Allernet > All About Allergy

BurkardEach year, millions of Americans suffer from hay fever and sinus symptoms caused by outdoor pollen and molds spores. About 23%-30% of the US population has the genetic ability to make allergic immune reactions to airborne POLLEN or MOLD allergens. Normal people, who do not have this genetic predisposition, will not experience any allergy symptoms when inhaling airborne pollen and mold materials.

Before learning about pollen and mold counting, you really need to better understand what allergy is all about.

ALLERGY is the opposite of AIDS. Allergy symptoms are the result of too much immunity. Your immune system produces antibodies to fight infections. If you have AIDS, you have too little immunity to defend yourself against getting sick. AIDS is too little immunity, and allergy is too much. Too much production of antibody E, the (A, B, C, D, E) fifth antibody historically to be discovered.

The allergy antibody (IgE) made by your immune system is produced in response to your exposure to substances we refer to as ALLERGENS. Allergens are usually environmentally stable foreign substances like pollen proteins that may induce unfortunate allergy immune reactions in predisposed individuals.

Allergy antibodies act like fuses on the outside of allergy bombs. The allergy bombs (cells known as mast cells or basophils), contain histamine and other chemicals capable of causing your allergy symptoms. When histamine is released into your nose, you will sneeze and have a runny nose. Histamine in the lungs will cause spasm of the airways or wheezing. If histamine is released from exploding allergy cells into the skin, you may experience itching. If histamine and other allergy cell chemicals are released all over the body, then a severe life-threatening reaction may take place.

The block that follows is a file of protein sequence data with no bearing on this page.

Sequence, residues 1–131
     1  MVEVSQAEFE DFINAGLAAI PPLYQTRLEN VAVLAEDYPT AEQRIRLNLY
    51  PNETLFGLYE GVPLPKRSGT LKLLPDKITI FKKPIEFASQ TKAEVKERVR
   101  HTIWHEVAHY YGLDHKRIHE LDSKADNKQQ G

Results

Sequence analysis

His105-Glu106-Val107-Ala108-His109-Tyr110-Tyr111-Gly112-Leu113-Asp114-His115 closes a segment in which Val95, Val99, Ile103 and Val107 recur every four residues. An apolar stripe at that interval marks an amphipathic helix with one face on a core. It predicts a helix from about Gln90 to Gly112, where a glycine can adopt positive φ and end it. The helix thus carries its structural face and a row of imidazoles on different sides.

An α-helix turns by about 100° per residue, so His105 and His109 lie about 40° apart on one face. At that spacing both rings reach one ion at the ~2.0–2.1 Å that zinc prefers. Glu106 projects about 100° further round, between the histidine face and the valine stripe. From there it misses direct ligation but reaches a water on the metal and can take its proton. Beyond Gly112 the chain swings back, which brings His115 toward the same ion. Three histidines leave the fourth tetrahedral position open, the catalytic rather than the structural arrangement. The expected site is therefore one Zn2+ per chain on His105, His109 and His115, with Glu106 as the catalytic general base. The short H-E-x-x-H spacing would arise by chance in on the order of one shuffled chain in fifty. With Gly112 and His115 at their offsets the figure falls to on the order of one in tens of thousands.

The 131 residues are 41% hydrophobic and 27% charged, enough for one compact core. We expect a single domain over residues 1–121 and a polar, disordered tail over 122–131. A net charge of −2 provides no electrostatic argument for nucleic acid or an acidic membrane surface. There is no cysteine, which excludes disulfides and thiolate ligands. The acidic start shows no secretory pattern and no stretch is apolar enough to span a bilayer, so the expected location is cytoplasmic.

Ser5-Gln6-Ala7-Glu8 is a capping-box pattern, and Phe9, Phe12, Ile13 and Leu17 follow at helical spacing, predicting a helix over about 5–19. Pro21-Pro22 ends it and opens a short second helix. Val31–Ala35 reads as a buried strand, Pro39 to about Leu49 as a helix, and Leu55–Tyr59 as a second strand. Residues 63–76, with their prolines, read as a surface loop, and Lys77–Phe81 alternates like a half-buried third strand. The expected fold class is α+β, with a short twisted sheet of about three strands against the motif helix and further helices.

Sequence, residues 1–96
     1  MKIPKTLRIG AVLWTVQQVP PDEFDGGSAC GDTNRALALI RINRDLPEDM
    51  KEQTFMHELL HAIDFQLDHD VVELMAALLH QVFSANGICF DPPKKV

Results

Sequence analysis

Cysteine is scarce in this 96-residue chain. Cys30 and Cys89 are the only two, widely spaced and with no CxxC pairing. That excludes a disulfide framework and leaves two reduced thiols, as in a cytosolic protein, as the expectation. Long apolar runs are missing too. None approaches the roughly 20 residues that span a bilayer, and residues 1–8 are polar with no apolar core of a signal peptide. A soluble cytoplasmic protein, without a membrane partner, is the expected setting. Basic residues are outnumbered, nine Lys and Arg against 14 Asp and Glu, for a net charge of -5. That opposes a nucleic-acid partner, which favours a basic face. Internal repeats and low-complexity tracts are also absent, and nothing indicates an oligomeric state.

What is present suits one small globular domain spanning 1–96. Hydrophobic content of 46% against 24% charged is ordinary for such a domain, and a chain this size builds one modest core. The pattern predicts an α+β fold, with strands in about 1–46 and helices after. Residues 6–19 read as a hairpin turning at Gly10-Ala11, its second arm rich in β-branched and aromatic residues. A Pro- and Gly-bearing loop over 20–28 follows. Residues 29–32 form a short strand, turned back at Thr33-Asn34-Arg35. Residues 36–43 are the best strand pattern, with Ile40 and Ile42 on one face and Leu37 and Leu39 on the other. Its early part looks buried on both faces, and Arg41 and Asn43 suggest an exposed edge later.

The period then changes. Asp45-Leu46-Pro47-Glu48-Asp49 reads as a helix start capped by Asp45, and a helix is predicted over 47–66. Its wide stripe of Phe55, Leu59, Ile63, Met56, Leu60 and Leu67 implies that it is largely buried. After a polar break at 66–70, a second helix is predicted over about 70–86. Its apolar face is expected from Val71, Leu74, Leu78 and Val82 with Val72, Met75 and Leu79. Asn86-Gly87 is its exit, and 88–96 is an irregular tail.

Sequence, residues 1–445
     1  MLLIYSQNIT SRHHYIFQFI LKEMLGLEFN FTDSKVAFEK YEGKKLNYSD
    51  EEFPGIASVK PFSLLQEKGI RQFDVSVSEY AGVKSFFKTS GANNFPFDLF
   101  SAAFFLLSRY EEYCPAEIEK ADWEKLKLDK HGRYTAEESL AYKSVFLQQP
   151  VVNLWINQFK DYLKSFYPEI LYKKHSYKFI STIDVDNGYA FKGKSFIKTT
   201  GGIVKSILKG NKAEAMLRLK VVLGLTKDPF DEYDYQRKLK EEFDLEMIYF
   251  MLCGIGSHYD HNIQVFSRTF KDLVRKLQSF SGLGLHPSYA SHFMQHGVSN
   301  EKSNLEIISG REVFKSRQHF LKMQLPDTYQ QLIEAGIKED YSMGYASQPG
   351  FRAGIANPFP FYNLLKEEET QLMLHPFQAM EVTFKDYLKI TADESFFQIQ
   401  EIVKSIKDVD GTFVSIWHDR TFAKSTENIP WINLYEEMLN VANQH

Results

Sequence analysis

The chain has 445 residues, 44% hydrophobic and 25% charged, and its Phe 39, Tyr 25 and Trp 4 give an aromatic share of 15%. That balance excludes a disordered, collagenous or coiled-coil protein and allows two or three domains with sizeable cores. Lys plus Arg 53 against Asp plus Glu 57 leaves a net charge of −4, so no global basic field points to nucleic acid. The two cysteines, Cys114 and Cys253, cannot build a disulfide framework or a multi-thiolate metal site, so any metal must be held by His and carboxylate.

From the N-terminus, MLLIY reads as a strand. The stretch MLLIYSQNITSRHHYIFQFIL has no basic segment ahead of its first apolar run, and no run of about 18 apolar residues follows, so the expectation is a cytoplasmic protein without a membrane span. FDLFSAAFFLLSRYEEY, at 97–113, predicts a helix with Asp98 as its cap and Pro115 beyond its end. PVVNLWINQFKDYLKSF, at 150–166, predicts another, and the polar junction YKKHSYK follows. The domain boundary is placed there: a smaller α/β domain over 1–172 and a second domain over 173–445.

Allergy has different names. When allergy explosions occur in the nose and sinuses, we call if HAY FEVER, or medically speaking, allergic rhinitis. When allergy happens in the lungs, we call it ASTHMA. If allergic reactions occur in the skin, we give it the name of HIVES or ANGIOEDEMA. In the gut, we allergists call it FOOD ALLERGY. If an allergic reaction occurs all over the body, such as with a severe life-threatening bee sting reaction, it is called ANAPHYLAXIS. So, allergy really has different names depending upon what part of your body is being affected by the allergy cells and their contents.

So, now you know the three most valuable and basic facts about allergy:




Many people are unaware of the fact that the allergy season really never ends. Allergy specialists look at the calendar year in terms of either the indoor or the outdoor allergy seasons. The indoor allergy season occurs all-year-round. The indoor allergens which are most likely to cause allergy symptoms during this season are the house dust mites and indoor pets such as cats, dogs and 'pet' cockroaches. The outdoor allergy season occurs when plant life attempts to reproduce itself by releasing billions and billions of male 'plant sperm' in the form of pollen.

All pollens are not created equal, however, and some pack more of an allergy punch than others. The most potent allergenic pollens come from the grass family, ragweeds, and the birch and oak trees.